Recognizing the war was lost, the German rocket scientist Wernher von Braun and key members of his staff surrender to American forces near Reutte, Germany in early May. Within months, U.S. intelligence teams, under Operation Paperclip, interrogate German rocket personnel and sort through carloads of captured documents and equipment. Many of these German scientists and engineers join von Braun in the United States to continue their rocket work. Hundreds of captured V-2 rockets are also disassembled and shipped back to the United States.

On May 5, the Soviet army captures the German rocket facility at Peenemünde and hauls away any remaining equipment and personnel. In the closing days of the war in Europe, captured German rocket technology and personnel helps set the stage for the great missile and space race of the cold war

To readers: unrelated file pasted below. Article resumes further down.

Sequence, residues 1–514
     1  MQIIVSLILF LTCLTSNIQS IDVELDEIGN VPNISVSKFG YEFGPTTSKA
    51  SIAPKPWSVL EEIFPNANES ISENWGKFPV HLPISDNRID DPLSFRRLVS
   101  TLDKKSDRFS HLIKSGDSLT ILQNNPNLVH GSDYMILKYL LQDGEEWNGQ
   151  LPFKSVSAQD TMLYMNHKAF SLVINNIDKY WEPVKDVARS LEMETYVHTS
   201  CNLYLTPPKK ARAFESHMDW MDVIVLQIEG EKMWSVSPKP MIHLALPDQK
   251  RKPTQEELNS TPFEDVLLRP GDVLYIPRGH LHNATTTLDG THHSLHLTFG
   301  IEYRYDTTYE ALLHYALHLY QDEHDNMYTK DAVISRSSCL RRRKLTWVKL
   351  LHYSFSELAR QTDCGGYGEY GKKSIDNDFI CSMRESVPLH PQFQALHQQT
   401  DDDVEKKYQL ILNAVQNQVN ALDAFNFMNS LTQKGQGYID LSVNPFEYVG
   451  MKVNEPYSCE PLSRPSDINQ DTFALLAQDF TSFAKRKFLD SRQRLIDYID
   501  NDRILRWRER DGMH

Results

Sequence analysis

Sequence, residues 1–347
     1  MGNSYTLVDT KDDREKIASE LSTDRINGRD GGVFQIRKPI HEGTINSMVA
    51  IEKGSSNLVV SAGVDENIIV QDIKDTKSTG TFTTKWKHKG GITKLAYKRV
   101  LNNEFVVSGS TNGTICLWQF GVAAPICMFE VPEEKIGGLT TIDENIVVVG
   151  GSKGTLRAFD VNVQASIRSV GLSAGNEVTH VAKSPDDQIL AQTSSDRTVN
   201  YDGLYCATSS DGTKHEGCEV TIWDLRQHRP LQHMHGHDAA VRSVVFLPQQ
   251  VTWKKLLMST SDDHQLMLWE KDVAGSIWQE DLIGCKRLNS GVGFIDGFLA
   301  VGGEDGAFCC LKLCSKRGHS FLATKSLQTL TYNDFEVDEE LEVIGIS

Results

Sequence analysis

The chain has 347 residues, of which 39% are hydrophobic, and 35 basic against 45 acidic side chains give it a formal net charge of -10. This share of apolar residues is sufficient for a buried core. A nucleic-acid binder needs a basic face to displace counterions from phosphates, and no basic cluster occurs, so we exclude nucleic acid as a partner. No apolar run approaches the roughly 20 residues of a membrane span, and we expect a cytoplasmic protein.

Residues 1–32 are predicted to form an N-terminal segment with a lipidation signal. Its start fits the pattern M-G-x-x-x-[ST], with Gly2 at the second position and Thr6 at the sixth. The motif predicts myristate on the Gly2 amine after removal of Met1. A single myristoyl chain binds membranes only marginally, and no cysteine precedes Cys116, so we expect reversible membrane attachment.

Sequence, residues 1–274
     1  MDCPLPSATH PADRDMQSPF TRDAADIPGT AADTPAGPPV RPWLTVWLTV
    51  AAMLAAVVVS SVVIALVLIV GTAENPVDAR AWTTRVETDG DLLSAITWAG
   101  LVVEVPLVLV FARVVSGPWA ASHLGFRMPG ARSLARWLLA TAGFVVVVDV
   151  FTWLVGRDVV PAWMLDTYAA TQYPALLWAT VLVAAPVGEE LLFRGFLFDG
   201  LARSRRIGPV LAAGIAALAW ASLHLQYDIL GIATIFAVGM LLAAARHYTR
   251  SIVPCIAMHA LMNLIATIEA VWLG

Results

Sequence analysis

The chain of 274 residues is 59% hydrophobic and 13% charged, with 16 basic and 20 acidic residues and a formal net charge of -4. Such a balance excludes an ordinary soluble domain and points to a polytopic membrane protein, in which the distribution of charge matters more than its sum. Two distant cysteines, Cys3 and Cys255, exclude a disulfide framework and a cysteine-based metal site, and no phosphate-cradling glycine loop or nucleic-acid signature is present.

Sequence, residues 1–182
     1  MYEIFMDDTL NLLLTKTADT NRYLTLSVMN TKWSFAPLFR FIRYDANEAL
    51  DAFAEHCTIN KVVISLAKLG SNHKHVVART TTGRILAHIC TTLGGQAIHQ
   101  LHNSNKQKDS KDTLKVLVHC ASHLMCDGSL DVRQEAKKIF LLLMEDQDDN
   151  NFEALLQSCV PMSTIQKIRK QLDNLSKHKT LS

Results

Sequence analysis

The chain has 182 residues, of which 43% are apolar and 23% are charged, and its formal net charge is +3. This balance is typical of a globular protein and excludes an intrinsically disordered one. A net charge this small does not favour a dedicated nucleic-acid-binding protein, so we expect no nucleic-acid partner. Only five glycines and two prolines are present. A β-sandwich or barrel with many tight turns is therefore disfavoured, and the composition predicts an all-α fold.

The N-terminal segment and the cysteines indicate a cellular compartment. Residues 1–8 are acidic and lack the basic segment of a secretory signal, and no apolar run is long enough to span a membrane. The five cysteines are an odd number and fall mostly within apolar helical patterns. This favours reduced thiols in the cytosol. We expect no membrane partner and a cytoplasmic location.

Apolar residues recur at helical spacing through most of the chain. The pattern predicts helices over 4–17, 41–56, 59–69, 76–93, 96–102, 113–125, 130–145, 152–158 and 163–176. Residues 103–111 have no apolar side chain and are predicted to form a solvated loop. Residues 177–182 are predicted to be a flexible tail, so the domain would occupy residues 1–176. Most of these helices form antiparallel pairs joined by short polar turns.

On July 16, the United States explodes the world's first nuclear weapon. The test shot, code named Trinity, occurs in a remote portion of southern New Mexico and changes the face of warfare forever. As part of the cold-war confrontation between the United States and the former Soviet Union, the nuclear-armed ballistic missile will become the most powerful weapon ever developed by the human race.

In October, a then-obscure British engineer and writer, Arthur C. Clarke, suggests the use of satellites at geostationary orbit to support global communications. His article, in Wireless World "Extra-Terrestrial Relays," represents the birth of the communications satellite concept—an application of space technology that actively supports the information revolution

Telescopes Mastery

Telescopes Mastery

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